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very infusible. Its specific gravity is 5.9. yellow is largely manufactured in the U. Chrome unites with oxygen in three pro- States, at Baltimore, near which place is portions, forming two oxides and one found one of the most remarkable deposacid. The protoxide is of a green color, its of ferruginous oxide of chrome in the exceedingly infusible by itself, but with world. The process consists in adding a borax, or vitreous substances, it melts, and solution of acetate of lead (or sugar of communicates to them a beautiful emerald- lead) to the rough solution of chromate of green color. Indeed, the emerald owes its potash, from which the nitrate of potash color to this oxide. The protoxide is has been just separated by crystallization. employed at the manufactory of Sèvres, The acetate of lead is added as long as in France, to give a fine deep-green to any sediment falls. The liquid is then the enamel of porcelain. It is applied filtered, and the yellow precipitate left on without a flux, and melted with the en- the filters, dried for sale. amel. Chromic acid, however, is the most Chromic Acid. (See Chrome.) important of the compounds formed by CHRONIC (from xpóvos, time); a term this metal along with oxygen. It is usu- applied to diseases which are of long dually prepared for chemical purposes by ration, and mostly without fever. It is mixing solutions of nitrate of barytes and used in opposition to the term acute, which chromate of potash, and digesting the is applied both to a pungent pain, and to a chromate of barytes that is formed in di- disease which is attended with violent lute sulphuric acid. This abstracts the symptoms, terminates in a few days, and barytes, and the chromic acid is procured, is attended with danger. On the other by evaporation, in crystals of a fine ruby- hand, a chronic disease is slow in its progred color. It is very soluble in water, has ress, and not so generally dangerous. a sour, metallic taste, and all the charac- CHRONICLE, strictly speaking, is a histers of a strong acid. It combines with tory digested according to the order of the alkalies, earths and metallic oxides, time. În this sense, it differs but little forming salts, many of which have very from annals. The term is mostly used in rich colors. The alkaline chromates are feference to the old histories of nations, soluble and crystallizable. They are of a written when they were comparatively yellow or red color, the neutral chromates rude. Chronicles belong to the sources being commonly yellow, and the bi-chro- of history, and many have been handed mates, red or deep orange. The best known down from early ages; for instance, the of these is the bi-chromate of potash, two books of the Chronicles of the Hewhich is one of the most splendid, and, brews, which belong •to the Old Testaat the same time, one of the most useful ment. With many nations, such chronisalts. The manner in which it is formed cles were written under the authority of is as follows:—Chromate of iron, or rather government, and priests, being the only ferruginous oxide of chrome, reduced to men of learning among uncultivated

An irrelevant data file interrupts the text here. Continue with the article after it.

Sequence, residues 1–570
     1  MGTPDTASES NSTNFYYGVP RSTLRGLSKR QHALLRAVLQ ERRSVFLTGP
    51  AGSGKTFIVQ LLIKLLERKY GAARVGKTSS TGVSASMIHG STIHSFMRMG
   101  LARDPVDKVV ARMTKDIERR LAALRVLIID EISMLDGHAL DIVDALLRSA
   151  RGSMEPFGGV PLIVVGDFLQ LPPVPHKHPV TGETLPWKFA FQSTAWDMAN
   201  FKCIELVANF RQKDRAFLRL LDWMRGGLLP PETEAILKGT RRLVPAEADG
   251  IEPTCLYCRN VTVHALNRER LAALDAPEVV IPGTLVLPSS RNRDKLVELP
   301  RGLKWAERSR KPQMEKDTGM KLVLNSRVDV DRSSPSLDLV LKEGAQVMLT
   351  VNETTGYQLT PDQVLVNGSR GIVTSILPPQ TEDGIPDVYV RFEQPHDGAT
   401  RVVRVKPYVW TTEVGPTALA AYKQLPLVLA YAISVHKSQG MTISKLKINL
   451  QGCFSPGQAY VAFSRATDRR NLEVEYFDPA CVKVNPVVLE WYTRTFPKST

tribes, fine powder, is mixed with half its weight were intrusted with this office. In the of nitrate of potash, and heated strongly early Christian ages, also, clergymen were for an hour or two in crucibles. The re- generally the authors of the chronicles ; sulting masses are then repeatedly digest- e. g., Eusebius, bishop of Cæsarea, collected with water, and the colored liquids, ed from other historical works his Chroniwhich are slightly alkaline, saturated with cle of ancient history. Hieronymus of nitric acid, and concentrated by evapora- Stridon translated it into Latin, in the tion, till no more crystals of nitre can be fourth century, and others continued it. obtained from them. The yellow liquid, Many historical works of the Byzantines being now set aside for a week or two, (q. v.) are also chronicles. We might deposits a copious crop of crystals, whose mention, likewise, the Alexandrine chroniform is that of a four-sided prism, termi- cle (Chronicon paschale), published by Du nated by dihedral summits. Their color Fresne ; also the chronicles written by is an intense lemon-yellow, with a slight monks, particularly by the diligent Beneshade of orange. 100 parts of water at dictines, in the middle ages, some of which 60° dissolves about 48 parts; but boiling embraced the whole history of the world, water dissolves almost any quantity. Its from its beginning to their own time (as solution in water decomposes most of the the Chronicle of Rhegino, of Otto of Freismetallic salts; those of mercury, of a fine ingen, &c.); others, the history of a cerred; copper and iron, of a reddish brown; tain period (as Liutprand's History of his silver, dark red, and lead, of a beautiful Time, from 891 to 946), or of a single nayellow color, now much used as a pigment, tion (as the History of the Franks, by under the name of chrome yellow. Chrome Gregory of Tours; that of the Lombards.
by Paulus Diaconus; the English Chroni- cycles, for the illustration of history. The cles, by Stow, &c.), or the history of single principal means for marking the divisions provinces, cities and institutions (as the of time are afforded by the motions of Chronicle of the Abbey of St. Denis; the the heavenly bodies, particularly the sun Chronicle of Cologne); also the history of and the moon, which produce the natural individuals (as Eginhard's History of division of time into years, months and Charlemagne), and of single events. They days. The necessities of life, requiring have been published partly in large col- still smaller and more precise divisions of lections (for instance, Scriptores Rerum time (which can be measured only by arGermanicarum), and, until the 13th and tificial means), gave rise to hours, minutes 14th centuries, were mostly written in and seconds. This division of time is Latin. Of many of them the authors are called the artificial. Even in the natural not known. In this case, they are called division, however, there is something arafter the place where they were written bitrary, as it depends solely on the will or where they were found.